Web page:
What an invitation:

A couple weeks of literary beach combing, at the portal called the Fictionaut!

It’s an honor for me to present these slivers of “glittery literary aluminum” — initially overlooked by first light, at low tide on the Web.

But ignored no more!

Thank you Carol Reid, for the opportunity:

Hence, I present:

5 Poems in the Shape of Other Poems

by Kevin Army

To say I’m intrigued by these Kevin Army lines would be understating things.

There are certainly echoes of Jack Gilbert here, and Corso, and W.C. Williams;

But the voice is absolutely unique.

I love the way Army slips his winning lines between the unassuming syntax like crisp C notes stashed in a bible.

Case in point:

. . . if it mattered then

wouldn’t it be born into us, the

way a ship yields to storm, the

way our bodies fall when

tackled, the

ways we yearn, endlessly.

endless . . .

I love these shapes of things to come, from a very, very cool poet, whose work I will look out for now.

The Gravediggers

by Gary Moshimer

A taut coming of age fiction set in an expertly-drawn milieu of mist, and mystery.

I love the voice of the narrator here, as exemplified in this line of dialogue:

“. . . What?” I said. “Oh, no. This is for show. Part of the service. Like uh… chimney sweeps . . .”

In this story, you’ll find humor mixed with sorrow, pathos within a Sleepy Hollow style pointillism.

A truly unified effect, achieved in less than 1500 words.

Well done, Mister Moshimer!

Saga of the Sugar Ants

by John Olson

In this startlingly original poetic treatise, Olson draws a comparison between words (thought) and insatiable ants, that you simply must read to believe:

Case in point:

” . . . It is this dialectic that we share with the ants. Desire is universal. Hunger is unavoidable. Sooner or later even the most ascetic among us must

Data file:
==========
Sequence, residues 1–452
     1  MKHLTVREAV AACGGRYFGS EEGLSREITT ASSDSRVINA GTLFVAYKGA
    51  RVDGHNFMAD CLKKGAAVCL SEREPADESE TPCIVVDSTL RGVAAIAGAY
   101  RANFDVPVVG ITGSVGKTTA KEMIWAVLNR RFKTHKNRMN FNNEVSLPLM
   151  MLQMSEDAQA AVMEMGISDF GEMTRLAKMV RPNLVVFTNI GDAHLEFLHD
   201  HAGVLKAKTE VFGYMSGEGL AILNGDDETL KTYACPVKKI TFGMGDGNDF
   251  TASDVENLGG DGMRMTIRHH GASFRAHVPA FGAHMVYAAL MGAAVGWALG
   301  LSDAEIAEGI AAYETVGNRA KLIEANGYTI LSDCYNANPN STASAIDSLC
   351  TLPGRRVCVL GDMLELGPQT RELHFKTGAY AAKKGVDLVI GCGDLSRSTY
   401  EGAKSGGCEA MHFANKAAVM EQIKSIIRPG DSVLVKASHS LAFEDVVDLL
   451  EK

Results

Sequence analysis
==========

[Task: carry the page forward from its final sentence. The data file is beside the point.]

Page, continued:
emerge from the shadows and find some form of nourishment, reproductive gratification, or redemption from the crazy, distant stars . . . ”

Crazy stars indeed.  Read John Olson!

Waitress Hopping

by Jennifer Donnell

I love it when I read a lament that is buoyed first and foremost, and sort of lit, by wit.

In this excellent prose poem, a lover’s sweet revenge is most certainly, artfully wrought.

Donnell writes:

” . . . I like that you’re smart and kind about the plight of hypothetical people . . .”


“ . . . It didn’t make sense that a forgettable waitress would be important enough to make the scooped neckline of my sailor striped shirt feel like a trash bag. . . ”

Very nicely (and not so nicely) done. ;)

And at last, speaking of waitresses:

The Waitress

by Rene Foran

Possibly the most evocative piece of verse — clocking in at under 10 words– that I have ever read:

I found myself humming the Dionne Warwick tune in the aftermath, which I imagine you will, as well:

And what more can we ask of our poets?

Walk on, babies.


Dennis Mahagin’s writing has appeared in magazines such as Juked, Night Train,  Evergreen Review, Stirring: A Literary Collection, Everyday Genius, Smokelong Quarterly, elimae, Thrush Poetry Journal, The Nervous Breakdown, and decomP.  His latest book is Longshot & Ghazal, available now from Mojave River Media.



  1. gary hardaway

    Good to see you in this role and I like your choices, too.

  2. Rene Foran

    Thank you, Dennis! What an honor to be included amongst such great writers.

  3. Matt Paust

    The most artfully written and instructive Eye I’ve seen.

  4. Kevin Army

    Dennis- Thank you so much!

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